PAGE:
Singer-songwriter Kevin McKrell and Music Mobile founder Ruth Pelham have been announced as the first inductees to the Capital Region Thomas Edison Music Awards Hall of Fame. Both will be honored at the inaugural Capital Region Thomas Edison Music Awards at 6pm Sunday, April 14 at Proctors in Schenectady. McKrell is recipient of the Eddies Artistic Lifetime Achievement Award; Pelham of the Eddies Lifetime Achievement Award for Music Education or Community Impact. McKrell pioneered Celtic music in the Capital Region, beginning in 1979 with Donnybrook Fair, where he was joined by Jeff Strange and David McDonnell. The original trio’s 1982 album Tunnel Tigers remains a landmark of the form. Over the years, McKrell was also a founding member of such bands as the Fabulous Newports, Hard Times, the Hard Road Ceilidh Band, the Mountain Snow Orchestra, Tin Can Alley and others. In 1998, McKrell — who has three solo albums to his credit — formed The McKrells, merging the Irish sensibility of Donnybrook with a steely, world class bluegrass edge. The McKrells toured hard, bringing their music to Carnegie Hall, Lincoln Center and festivals and concert venues around the country. The band, in its current incarnation, many members on, released its eighth album, My Big Old Broken Heart, in 2018. He is best known for his indelible songs — classics like “Donegal,” “I Miss the Rain” and the eternal “All of the Hard Days Are Gone” — which have been sung and recorded by artists like the Kingston Trio, Bob Shane, North Sea Gas, the Furey Brothers, Seamus Kennedy and others. “I’m uncomfortable to say the least,” McKrell says when asked to describe his response to learning of the award. “Being as cynical as I am, I will be pointing fingers and making fun of myself. It’s very cool. I’m proud of it. It just feels a little weird is all.” Ruth Pelham is moved by joining the Hall of Fame. “This is really touching,” she says. “It tickles me to the core. It’s a tremendous affirmation not only of my contribution to the arts and community building, but to the need for this kind of work and the power of its effectiveness to generate love.” Hailed by the legendary Pete Seeger as “one of America’s great songwriters and an even better community organizer,” Pelham, with initial funding from the Albany City Arts Office, launched the Music Mobile on Memorial Day weekend in 1977, as a planned six-week summer program. Instead, the Music Mobile, a brightly-decorated van visiting neighborhoods around the city, became her life’s focus, bringing the joys of music, music-making and, most importantly, a sense of belonging to tens of thousands of children over nearly 40 years. Outside the Capital Region, Pelham brought the materials for making her famous jingle sticks to the greater world, with trips to the former Soviet Union, Sri Lanka and the Havasupai Tribe of the Grand Canyon. On the streets today, adults with beaming smiles approach “the Music Mobile lady” and spontaneously start singing, from memory, “come along, sing a song, it’s the Music Mobile.” Pelham has touched so many lives with the power of song. She is also an internationally recognized composer, with classics like “I Am a Woman,” “Turning of the World” and “The Activity Room” — all featured in the iconic “Rise Up Singing” songbook — being covered by Holly Near, Ronnie Gilbert, Guy Carawan, Bill Harley and others. Pelham’s original album releases include Collage, Under One Sky, Look to the People and Room for Us All. “I don’t think of my work as music education,” she humbly says. “I think of it as community action and community impact, using music to teach all kinds of life lessons about getting along, about cooperation, about standing up for other people. My work has been to make music, and to have it be a gentle, but powerful force that fuels and holds and helps people be the very best that we can be.” Tickets for the inaugural Capital Region Thomas Edison Music Awards at Proctors in Schenectady are on sale now, priced at $20 in advance; $25 at the door.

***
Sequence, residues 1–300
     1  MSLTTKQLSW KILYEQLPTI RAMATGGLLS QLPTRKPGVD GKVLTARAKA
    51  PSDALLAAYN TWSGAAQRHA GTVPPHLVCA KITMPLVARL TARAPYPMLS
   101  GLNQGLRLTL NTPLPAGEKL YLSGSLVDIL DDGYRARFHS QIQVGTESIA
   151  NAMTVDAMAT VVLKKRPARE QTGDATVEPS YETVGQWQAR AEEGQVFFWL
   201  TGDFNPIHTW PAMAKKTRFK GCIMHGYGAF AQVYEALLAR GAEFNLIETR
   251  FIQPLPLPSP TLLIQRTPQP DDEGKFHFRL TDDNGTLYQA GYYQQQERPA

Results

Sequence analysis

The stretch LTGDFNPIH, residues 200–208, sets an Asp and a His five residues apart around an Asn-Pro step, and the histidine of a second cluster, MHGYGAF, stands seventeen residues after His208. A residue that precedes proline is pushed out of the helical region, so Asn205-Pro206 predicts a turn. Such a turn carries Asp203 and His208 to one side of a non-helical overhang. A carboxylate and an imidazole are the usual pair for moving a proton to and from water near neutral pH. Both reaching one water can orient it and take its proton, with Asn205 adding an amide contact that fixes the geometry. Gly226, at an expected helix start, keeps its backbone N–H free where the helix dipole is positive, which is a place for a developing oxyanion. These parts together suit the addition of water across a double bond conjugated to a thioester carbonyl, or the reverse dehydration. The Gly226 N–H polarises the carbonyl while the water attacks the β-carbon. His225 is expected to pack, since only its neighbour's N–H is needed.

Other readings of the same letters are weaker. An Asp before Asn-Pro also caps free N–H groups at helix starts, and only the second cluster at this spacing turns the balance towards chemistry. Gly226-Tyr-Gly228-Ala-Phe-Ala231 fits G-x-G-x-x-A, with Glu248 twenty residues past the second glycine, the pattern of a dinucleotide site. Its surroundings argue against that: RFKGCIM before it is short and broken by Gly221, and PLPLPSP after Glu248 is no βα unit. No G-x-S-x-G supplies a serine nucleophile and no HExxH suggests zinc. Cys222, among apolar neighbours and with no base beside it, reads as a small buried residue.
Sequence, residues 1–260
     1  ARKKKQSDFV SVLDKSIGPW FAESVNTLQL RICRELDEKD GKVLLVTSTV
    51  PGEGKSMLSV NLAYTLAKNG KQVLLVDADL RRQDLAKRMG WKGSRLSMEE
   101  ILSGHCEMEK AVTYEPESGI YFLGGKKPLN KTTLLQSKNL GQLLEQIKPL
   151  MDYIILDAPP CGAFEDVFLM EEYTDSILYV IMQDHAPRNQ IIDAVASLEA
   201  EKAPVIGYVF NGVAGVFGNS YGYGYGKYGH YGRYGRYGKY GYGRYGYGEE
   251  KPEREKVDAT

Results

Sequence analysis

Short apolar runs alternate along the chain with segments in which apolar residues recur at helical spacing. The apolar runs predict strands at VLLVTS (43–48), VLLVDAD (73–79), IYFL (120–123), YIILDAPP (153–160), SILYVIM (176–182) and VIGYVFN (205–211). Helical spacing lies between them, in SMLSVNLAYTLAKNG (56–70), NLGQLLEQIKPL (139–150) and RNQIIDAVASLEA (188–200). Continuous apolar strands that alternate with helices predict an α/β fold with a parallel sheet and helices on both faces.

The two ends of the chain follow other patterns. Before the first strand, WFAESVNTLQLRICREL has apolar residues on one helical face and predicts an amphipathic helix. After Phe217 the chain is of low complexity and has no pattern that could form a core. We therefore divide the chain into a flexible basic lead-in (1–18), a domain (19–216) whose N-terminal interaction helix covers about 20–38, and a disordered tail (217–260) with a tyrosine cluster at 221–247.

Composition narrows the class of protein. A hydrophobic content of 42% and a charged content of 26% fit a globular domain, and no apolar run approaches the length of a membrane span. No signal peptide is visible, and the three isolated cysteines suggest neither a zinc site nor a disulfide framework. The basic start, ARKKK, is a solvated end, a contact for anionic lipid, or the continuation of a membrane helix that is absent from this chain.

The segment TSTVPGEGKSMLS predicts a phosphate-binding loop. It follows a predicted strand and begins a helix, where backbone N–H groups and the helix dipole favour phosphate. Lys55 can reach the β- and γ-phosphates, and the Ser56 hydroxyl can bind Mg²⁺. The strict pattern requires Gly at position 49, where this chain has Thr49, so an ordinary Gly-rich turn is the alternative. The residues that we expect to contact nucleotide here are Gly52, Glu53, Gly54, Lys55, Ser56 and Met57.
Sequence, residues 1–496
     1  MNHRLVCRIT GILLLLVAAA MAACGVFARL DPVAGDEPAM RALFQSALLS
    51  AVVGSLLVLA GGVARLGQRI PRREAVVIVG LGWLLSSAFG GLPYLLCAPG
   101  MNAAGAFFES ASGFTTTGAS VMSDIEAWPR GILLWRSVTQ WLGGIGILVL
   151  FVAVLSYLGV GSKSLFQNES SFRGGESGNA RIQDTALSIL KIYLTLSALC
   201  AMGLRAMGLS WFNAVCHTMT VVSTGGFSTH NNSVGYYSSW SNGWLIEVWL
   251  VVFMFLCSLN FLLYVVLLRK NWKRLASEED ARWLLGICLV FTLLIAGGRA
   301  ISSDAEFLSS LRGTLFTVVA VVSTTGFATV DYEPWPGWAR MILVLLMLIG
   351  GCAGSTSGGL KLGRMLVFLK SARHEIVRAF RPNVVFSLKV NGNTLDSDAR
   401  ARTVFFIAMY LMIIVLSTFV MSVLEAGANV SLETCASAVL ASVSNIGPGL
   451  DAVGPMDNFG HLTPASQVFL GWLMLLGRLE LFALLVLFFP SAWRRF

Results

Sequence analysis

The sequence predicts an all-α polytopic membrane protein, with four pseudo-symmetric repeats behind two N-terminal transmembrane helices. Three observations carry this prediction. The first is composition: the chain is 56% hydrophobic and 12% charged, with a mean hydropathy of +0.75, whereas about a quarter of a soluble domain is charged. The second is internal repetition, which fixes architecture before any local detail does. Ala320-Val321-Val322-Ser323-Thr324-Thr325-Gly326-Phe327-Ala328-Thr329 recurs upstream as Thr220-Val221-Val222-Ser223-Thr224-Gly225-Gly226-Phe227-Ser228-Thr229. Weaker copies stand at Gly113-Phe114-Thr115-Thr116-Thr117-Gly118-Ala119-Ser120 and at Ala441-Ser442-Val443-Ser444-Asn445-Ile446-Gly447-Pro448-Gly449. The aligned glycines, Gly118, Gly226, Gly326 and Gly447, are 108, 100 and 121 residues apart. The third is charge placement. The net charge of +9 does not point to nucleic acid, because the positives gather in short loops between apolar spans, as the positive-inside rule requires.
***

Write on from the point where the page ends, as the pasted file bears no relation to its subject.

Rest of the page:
Greg 18652 posts 367 comments